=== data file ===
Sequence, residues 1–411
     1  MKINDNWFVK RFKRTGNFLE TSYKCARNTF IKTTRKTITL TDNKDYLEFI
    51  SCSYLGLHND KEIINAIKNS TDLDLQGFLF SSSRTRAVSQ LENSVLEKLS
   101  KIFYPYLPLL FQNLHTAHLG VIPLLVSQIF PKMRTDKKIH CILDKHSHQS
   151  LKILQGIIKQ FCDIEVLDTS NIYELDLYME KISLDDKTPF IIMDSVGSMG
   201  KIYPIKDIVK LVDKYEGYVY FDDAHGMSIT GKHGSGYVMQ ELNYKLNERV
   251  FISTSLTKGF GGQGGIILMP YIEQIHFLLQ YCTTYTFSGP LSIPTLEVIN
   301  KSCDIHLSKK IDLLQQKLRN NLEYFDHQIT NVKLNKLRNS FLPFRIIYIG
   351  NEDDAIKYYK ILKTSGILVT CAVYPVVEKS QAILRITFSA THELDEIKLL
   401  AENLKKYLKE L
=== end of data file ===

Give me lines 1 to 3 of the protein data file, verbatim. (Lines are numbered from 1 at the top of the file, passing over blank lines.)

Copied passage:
Sequence, residues 1–411
     1  MKINDNWFVK RFKRTGNFLE TSYKCARNTF IKTTRKTITL TDNKDYLEFI
    51  SCSYLGLHND KEIINAIKNS TDLDLQGFLF SSSRTRAVSQ LENSVLEKLS